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IP and Public Choice

Nothing makes me despair more about the corruption of our legislative process than the dynamic surrounding intellectual property laws. SOPA and PIPA provide yet more evidence, as it if were needed. This article by former lobbyist TC Sottek illustrates the point nicely (HT Balloon Juice):

Lawmakers may have their own parochial interests or lofty causes, but first and foremost they're always looking for votes. To get votes, they need attention and money -- something that corporate lobbyists can dish out in abundance. The end product of this system is lawmaking that's less about making good public policy and more about appeasing the hands that feed as a result, powerful corporations with deep pockets gain unparalleled access to members of Congress, and they help set the agenda. That agenda is why bills like SOPA and PIPA gain such traction they were delivered to Congress in return for money and votes.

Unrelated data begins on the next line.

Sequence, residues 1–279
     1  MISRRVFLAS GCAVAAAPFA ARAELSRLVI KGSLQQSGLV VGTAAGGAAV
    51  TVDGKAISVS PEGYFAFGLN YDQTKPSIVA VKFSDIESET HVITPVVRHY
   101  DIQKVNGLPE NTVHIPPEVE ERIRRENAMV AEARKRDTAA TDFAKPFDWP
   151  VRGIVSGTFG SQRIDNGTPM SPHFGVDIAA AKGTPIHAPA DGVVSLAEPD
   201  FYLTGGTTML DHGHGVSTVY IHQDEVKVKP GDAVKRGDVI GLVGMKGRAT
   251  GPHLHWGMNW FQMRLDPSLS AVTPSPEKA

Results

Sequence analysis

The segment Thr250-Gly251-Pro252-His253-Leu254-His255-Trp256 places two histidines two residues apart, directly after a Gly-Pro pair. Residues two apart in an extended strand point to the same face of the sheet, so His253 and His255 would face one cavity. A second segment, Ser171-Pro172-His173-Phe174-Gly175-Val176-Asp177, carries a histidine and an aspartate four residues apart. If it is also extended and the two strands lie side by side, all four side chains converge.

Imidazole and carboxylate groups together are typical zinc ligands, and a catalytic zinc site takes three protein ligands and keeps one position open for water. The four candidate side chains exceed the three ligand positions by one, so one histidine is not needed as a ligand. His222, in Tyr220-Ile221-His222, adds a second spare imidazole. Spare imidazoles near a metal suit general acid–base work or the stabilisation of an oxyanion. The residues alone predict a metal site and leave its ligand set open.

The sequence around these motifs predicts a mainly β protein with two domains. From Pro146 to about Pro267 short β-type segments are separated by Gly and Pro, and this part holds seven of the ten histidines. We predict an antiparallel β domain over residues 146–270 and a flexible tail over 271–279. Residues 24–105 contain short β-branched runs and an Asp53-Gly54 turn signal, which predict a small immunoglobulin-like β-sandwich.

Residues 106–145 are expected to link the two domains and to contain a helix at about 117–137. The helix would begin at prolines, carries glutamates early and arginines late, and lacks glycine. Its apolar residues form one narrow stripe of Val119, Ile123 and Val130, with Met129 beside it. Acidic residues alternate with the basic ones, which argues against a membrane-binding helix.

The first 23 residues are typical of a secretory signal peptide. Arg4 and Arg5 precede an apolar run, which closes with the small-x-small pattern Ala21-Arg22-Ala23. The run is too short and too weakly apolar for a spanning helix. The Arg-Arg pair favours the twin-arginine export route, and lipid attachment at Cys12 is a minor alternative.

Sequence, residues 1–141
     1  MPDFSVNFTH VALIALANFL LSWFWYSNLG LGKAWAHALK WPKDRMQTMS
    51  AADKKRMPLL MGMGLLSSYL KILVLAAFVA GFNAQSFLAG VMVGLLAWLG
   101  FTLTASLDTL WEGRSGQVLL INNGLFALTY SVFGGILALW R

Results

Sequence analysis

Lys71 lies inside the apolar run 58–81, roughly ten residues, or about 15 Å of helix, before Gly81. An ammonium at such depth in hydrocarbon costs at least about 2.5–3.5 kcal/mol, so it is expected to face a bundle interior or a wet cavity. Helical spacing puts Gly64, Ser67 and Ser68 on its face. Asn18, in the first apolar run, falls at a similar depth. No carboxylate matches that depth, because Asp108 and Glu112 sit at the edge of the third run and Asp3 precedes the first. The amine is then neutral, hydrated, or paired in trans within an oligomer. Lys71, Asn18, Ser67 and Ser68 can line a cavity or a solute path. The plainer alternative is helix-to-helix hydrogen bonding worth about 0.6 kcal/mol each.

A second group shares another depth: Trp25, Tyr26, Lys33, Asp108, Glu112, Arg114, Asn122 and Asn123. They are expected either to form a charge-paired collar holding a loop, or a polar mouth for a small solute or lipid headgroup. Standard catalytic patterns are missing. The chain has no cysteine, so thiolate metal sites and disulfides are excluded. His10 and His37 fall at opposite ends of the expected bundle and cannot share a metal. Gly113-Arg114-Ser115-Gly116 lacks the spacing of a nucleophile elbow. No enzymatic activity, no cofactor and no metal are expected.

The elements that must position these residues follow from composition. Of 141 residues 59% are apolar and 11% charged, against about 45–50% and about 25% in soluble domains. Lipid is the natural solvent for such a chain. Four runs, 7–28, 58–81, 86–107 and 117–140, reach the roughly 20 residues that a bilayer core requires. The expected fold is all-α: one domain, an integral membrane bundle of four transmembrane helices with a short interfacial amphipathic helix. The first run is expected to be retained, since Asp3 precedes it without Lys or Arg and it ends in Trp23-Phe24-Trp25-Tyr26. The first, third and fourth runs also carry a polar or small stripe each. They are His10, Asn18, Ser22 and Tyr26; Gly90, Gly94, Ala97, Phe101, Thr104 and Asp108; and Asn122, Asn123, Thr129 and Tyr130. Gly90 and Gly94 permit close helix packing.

I know it's considered naive by many in my line of work to hope for anything more than this, but democracy does not have to work this way. For a variety of reasons, however, ours currently does. And, in the IP context, the result has been a steady diet of ever more expansive IP rights without regard to the costs and increasingly draconian and, in my opinion, counterproductive efforts to prevent online copyright infringement. And, although the legislative process is plainly broken in this area,for a number of reasons (some of them sound), the courts continue torefuse to intervene.

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Wikipedia, among others, has tried to make SOPA a free speech issue. But nobody seems to say *how* it infringes on free speech. Wiki also say that it objects to SOPA because it makes the U.S. internet companies responsible for policing the unlawful actions of foreign companies which do indeed break the copyright laws. This does sound like a valid criticism, if it's true. But is it?So what is this all about? Free speech? Pirating copyrighted materials? Or what?